Russia Monitor is a review of the most important events related to Russian internal and external security, as well as its foreign policies.
Date: 17 January 2022
Moldova Again On The Brink Of New Gas Shortage
Moldova’s gas distribution company, Moldovagaz, says it has paid Russian state-owned gas giant Gazprom for natural gas supplied in December 2021. By January 20, 2022, the company has to make a down payment for this month’s gas bill. But the price of Russian gas has risen since the beginning of this year, making Moldova unable to pay its commodity bill and forcing the country to ask Gazprom for an extension. If no agreement is reached, Russia may again cut off its gas supplies to Moldova.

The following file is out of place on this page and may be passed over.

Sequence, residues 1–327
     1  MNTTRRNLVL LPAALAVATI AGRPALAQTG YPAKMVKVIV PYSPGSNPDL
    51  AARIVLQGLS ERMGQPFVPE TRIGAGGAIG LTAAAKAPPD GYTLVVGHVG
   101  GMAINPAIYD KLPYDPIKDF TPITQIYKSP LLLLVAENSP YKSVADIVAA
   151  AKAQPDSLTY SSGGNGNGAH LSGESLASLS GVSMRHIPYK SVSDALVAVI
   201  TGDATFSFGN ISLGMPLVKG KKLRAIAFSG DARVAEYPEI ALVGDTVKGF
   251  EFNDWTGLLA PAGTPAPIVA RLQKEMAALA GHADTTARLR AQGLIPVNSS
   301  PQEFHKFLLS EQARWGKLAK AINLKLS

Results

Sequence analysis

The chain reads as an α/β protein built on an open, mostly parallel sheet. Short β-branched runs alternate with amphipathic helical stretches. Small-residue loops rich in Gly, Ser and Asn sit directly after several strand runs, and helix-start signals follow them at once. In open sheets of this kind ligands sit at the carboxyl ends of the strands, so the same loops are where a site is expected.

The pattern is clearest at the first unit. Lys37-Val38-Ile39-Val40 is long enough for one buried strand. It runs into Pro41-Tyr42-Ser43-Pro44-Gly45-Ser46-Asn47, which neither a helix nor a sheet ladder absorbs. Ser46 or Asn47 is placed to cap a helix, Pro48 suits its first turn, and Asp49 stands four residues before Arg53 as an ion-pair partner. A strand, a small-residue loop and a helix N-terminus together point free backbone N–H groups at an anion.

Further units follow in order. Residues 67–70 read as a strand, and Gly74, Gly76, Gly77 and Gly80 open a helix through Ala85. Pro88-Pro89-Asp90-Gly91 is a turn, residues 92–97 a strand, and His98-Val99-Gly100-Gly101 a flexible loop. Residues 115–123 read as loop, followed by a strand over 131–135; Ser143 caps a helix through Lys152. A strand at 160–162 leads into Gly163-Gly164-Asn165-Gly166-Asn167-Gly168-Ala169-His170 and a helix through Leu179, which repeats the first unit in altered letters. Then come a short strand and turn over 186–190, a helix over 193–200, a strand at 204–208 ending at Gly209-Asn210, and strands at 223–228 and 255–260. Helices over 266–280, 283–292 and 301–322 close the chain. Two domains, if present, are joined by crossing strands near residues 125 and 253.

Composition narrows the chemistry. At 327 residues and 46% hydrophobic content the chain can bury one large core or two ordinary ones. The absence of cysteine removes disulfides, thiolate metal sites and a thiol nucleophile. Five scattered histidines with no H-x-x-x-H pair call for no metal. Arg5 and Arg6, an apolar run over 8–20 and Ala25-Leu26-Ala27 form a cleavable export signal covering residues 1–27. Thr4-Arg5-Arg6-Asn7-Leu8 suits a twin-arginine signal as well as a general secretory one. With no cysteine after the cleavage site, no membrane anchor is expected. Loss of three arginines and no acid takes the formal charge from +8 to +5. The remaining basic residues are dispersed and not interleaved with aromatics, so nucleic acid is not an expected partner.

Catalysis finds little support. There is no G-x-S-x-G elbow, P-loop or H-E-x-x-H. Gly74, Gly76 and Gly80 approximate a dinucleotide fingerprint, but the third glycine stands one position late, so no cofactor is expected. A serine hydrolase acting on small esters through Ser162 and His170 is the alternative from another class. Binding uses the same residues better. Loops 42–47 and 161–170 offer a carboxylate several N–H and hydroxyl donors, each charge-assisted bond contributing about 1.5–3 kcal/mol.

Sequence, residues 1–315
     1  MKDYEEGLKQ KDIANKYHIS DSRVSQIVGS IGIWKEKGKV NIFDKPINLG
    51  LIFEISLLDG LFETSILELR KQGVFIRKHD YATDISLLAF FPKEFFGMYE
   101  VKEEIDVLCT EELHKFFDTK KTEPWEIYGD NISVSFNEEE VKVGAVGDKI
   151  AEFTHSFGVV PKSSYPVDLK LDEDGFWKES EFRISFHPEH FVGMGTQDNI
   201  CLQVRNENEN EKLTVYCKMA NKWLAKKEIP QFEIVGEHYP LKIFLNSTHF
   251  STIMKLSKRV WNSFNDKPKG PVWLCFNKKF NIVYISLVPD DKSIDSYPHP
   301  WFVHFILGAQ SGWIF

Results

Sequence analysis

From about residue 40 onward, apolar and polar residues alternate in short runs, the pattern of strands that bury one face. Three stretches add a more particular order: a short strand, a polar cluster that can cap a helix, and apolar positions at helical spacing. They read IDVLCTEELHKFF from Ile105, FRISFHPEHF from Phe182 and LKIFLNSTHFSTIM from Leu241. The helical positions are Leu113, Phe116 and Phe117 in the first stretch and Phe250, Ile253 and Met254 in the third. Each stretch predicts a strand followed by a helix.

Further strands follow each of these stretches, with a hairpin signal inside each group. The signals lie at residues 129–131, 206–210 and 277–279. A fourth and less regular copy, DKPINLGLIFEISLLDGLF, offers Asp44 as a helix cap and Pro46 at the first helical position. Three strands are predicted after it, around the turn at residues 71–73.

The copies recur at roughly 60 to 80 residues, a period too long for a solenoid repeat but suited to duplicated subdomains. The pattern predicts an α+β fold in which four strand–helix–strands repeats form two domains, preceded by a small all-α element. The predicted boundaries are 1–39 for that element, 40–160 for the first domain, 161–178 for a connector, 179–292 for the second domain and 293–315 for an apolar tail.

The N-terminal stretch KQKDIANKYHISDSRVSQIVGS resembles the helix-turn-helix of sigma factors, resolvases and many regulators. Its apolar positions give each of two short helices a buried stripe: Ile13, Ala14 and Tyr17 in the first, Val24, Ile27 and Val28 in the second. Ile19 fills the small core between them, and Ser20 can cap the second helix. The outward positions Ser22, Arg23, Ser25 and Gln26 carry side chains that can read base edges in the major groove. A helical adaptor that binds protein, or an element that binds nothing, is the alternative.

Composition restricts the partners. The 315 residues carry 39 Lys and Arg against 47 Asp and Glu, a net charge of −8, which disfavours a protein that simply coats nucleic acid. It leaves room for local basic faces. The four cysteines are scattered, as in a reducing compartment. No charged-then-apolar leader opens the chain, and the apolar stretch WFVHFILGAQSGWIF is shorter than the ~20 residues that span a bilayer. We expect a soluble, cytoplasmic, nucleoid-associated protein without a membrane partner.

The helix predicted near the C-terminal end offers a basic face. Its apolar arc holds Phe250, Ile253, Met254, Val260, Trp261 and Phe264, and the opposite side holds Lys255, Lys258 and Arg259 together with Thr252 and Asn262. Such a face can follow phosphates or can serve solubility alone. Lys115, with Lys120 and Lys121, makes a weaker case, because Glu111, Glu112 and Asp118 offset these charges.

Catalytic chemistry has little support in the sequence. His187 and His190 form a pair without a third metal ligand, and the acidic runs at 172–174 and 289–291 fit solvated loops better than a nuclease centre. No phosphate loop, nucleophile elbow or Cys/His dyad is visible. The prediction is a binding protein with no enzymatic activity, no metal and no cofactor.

Moldova in October declared a state of emergency and started buying gas from countries other than Russia after its contract with Gazprom expired at the end of September and the two sides failed to agree on details and the pricing of a new long-term deal. But in a breakthrough in late October, the Moldovan government and Gazprom announced a new price formula for a five-year agreement to keep gas flowing. This is not the end of Moldovan problems. Russia can use its new gas as leverage on Moldova. This also applies to gas prices. “Moldovagaz has transferred the full payment for natural gas supplied in December 2021 to Gazprom,” the company said in a statement posted on its website on January 13. Moldovagaz still has until January 20 to make a down payment for this month’s gas bill, according to the contract with Gazprom. Moldovan Minister of Infrastructure and Regional Development Andrei Spinu said on January 11 that the purchase price has increased from $550 per thousand cubic meters in December to $647 in January, a hike that could cause problems for the country. Spinu said he had asked Gazprom CEO Aleksei Miller to consider the possibility of postponing the advanced payment for January by 10-20 days so that Moldovagaz could accumulate funds without taking money out of the state budget as in late 2021. Gazprom’s reaction to the Moldovan request remains a mystery. Some say that Russia is using energy against Moldova for electing pro-Western President Maia Sandu in 2020 in a vote that rejected Russia-backed incumbent Igor Dodon. Gazprom has rejected the accusations, saying the hike was purely commercial and reflected global markets. Perhaps the authorities in Chisinau will again be forced to increase gas prices on the domestic market. Last November, the price rose from $245 to $586 per thousand cubic meters amid Russian gas shortages. This year the price dropped by just $3. Moldovan President Maia Sandu has recently convened a meeting of the country’s Security Council to discuss a possible energy crisis.
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